Story by Pam LeBlanc |

February 28, 2022 |

Pam | Wayfarer Wanderings

Wayfarer Van Ford Transit Wilford

A few months ago, I landed an assignment near a scrubby southwest Texas town called Langtry. I planned to book a room at the nearest hotel, 28 miles down the highway in Comstock, but it was full.

Then I remembered I could turn my work trip into an adventure by driving my new camper van and staying at nearby Seminole Canyon State Park and Historic Site.

But I’d never camped solo in Vincent VanGo, as my husband and I dubbed our Ford Transit AWD van, which we purchased last April. I hadn’t even driven Vincent for long stretches by myself. I needed to get comfortable going solo.

I reserved a spot at the park’s recently renovated campground, a five-hour drive from my home in Austin. I’d visited the 2,172-acre park before, to see some of its famous ancient rock art, but never stayed the night. I chose a spot in the Roadrunner Flat primitive camping area, which required a quarter-mile hike to the nearest bathroom, but I preferred solitude over the sounds of other campers.

I pulled into the park, located about 40 miles west of Del Rio, late in the afternoon. From my campsite, I could see the mountains of Mexico crouching in the distance. A bird landed on top of a spindly yucca and watched me boil water on a portable stove to make a dehydrated meal. (I also know from experience that the J and P Bar and Grill in Comstock makes great burgers and chicken fried steak. Don’t let the “Eat Here” sign crafted out of blue duct tape dissuade you.)

I’m used to backpacking, so this felt luxurious. No tent to pitch, no contortions inside my tent to change clothes, and real lights instead of a headlamp. Nothing – nothing! – compares to snuggling up under flannel sheets in the back of my camper van.

My view consisted of lots of cactus, distant mountains, and open skies. I squelched stray thoughts of rampaging axe murderers and cozied up with a book before nodding off. I only woke up once – and struggled for 10 minutes to determine the source of the flashing red lights on the horizon. They were from a passing vehicle, not an alien spaceship.

With a few hours to burn the next morning, I yanked on my boots, made a Thermos of spiced tea, and struck out along the Canyon Rim Trail as the sun rose. I passed a sign that said “Watch for Snakes” as I headed down the 4.9-mile dirt path toward the Presa Canyon Overlook. There, I took in the view of the convergence of two canyons – Presa and Seminole. I sipped my tea as the sky turned from navy blue to rose, then orange.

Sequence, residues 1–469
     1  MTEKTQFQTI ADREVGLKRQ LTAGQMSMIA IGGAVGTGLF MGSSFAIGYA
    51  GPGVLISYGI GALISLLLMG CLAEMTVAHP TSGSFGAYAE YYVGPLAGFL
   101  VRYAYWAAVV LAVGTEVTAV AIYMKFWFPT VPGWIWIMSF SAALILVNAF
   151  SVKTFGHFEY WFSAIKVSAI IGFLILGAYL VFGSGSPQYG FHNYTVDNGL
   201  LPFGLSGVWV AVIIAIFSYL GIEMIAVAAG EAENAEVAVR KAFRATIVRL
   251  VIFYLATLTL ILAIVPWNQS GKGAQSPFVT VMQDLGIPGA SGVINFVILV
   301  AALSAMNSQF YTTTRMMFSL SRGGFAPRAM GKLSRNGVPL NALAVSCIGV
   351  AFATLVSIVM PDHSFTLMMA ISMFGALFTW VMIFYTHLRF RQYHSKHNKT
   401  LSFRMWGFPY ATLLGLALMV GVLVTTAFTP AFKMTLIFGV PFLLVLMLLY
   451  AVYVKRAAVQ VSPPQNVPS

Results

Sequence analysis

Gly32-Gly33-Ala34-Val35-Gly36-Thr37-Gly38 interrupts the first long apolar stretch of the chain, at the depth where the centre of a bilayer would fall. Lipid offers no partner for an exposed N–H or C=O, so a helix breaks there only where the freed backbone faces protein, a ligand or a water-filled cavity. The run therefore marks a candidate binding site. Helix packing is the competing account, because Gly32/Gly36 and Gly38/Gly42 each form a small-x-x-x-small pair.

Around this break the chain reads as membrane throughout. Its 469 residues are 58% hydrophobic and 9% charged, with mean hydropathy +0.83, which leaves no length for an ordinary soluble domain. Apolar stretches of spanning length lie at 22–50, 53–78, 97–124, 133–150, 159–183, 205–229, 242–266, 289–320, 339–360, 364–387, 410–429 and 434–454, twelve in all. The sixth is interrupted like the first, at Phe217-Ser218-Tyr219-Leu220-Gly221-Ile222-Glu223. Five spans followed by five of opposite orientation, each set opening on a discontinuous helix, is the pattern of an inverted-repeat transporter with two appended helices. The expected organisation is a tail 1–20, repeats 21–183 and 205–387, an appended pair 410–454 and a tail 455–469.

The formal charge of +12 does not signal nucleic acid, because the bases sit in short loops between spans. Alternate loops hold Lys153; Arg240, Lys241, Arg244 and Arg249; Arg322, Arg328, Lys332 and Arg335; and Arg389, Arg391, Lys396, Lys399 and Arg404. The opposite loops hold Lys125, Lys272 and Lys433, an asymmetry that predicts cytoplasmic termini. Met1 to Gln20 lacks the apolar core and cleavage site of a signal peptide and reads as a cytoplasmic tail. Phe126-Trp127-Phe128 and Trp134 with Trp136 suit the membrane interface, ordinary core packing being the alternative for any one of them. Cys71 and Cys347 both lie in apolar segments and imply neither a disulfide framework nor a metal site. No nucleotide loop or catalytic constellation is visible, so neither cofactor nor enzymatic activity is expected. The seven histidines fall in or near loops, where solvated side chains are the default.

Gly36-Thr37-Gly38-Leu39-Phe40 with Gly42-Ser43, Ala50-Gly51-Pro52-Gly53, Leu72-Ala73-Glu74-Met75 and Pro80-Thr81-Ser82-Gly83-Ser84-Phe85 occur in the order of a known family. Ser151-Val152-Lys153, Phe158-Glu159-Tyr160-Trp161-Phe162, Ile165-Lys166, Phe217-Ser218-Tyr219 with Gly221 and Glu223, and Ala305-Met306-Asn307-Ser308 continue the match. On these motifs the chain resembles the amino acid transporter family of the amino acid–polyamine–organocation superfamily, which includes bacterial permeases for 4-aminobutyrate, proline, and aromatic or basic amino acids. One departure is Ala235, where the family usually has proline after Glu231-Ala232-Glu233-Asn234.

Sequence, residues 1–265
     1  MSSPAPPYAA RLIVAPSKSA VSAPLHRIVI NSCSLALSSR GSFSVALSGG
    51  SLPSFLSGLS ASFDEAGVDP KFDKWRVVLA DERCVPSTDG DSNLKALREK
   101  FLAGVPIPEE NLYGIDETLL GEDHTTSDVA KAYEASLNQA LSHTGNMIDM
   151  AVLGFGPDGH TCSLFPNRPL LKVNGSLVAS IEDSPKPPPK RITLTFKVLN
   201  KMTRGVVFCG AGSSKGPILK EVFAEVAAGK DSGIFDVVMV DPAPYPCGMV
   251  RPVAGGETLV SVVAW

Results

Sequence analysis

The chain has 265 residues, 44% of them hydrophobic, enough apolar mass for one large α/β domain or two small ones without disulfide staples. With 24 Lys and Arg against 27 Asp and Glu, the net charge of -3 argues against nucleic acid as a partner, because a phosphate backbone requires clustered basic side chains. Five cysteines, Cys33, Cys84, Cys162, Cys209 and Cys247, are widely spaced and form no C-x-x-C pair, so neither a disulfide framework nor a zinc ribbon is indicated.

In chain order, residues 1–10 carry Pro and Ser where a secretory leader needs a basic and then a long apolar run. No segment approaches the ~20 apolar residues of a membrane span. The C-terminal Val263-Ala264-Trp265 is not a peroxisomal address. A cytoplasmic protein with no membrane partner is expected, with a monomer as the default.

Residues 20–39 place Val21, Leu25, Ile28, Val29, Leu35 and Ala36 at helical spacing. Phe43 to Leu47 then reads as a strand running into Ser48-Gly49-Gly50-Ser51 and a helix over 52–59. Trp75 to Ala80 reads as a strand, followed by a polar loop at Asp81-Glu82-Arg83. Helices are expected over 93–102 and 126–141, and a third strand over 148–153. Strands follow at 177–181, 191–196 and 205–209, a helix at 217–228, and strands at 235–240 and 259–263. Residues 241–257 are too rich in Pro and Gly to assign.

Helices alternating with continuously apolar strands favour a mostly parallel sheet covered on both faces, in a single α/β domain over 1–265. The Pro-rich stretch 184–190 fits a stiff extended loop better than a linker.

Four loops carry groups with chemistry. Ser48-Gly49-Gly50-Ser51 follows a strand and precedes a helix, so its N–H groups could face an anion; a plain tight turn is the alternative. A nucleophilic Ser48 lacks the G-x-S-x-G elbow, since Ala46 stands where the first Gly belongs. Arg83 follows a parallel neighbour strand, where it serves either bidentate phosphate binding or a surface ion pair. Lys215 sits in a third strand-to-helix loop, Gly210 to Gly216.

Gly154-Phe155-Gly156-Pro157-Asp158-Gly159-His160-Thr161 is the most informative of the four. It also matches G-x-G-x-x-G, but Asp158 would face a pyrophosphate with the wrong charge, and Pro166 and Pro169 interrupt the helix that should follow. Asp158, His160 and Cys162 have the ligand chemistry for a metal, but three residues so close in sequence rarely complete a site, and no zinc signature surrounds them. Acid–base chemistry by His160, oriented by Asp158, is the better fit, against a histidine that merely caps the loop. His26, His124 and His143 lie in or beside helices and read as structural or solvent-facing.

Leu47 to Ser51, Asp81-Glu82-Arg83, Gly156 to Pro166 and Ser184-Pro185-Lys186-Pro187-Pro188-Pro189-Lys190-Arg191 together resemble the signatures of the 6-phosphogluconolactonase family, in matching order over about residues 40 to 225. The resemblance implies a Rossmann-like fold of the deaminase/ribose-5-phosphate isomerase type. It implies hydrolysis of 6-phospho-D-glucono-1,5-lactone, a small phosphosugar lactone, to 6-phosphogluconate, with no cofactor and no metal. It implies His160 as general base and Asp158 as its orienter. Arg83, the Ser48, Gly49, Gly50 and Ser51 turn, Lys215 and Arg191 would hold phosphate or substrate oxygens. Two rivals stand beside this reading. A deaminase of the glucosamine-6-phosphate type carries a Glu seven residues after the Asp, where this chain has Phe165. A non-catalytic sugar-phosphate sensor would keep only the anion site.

If you continue, you can hike all the way to the Rio Grande. From there, you need binoculars to peer across the canyon to Panther Cave, one of the park’s premier rock art sites. Centuries ago, someone painted a pair of 9-foot panthers at either end of a mural featuring hundreds of other figures.
It’s accessible only by water – and only when the river is high enough. (It’s not, right now.)

If you make it to the park, sign up for the 90-minute guided tour to the Fate Bell Shelter.

People hiking to Fate Bell Shelter

(Visitors can only visit rock art sites in the canyon with a ranger-led group, to protect them from vandalism. The tours are offered every Wednesday through Sunday and cost $8 per adult.) You’ll scamper among car-sized boulders in the bottom of the canyon, then scramble up to a big rocky overhang. When your eyes adjust, you’ll see a panel of faded figures and designs in red, black, and yellow.>

Prehistoric people used crushed minerals, animal fats, and urine to paint these geometric designs and anthropomorphic figures. Archeologists speculate that the artwork might explain their belief system or tell stories about their journeys to the underworld.

People hiking in Seminole Canyon

I’ve been to the shelter twice and still love to contemplate the souls who painted it. What were their lives like? Why did they do it? Did they ever imagine people would travel for hours to see what they created?

During cooler months, the park also offers longer guided hikes to more remote areas of the park. In the fall and spring, nearby Shumla Archaeological Research Center also offers guided tours inside and outside the park.

I made it to Langtry for my assignment later that day and camped another night at the park. As I packed it in that final night, I realized something: I’d rather brush into a prickly cactus outside my camper van and take in the night stars from a picnic table than plop into a generic hotel bed any night.

And I can do it on my own – to the background music of howling coyotes.

Pam in her conversion camper van

Pam LeBlanc

Pam LeBlanc writes about adventure, fitness, and travel. A longtime newspaper journalist who now writes for a variety of regional and national publications, she loves anything that makes her muddy, results in mosquito bites or poison ivy, rips her pant legs, and brings her closer to nature. Pam and her husband Chris became Wayfarians in April of 2021. You can follow her adventures on Instagram @PamLeBlancAdventures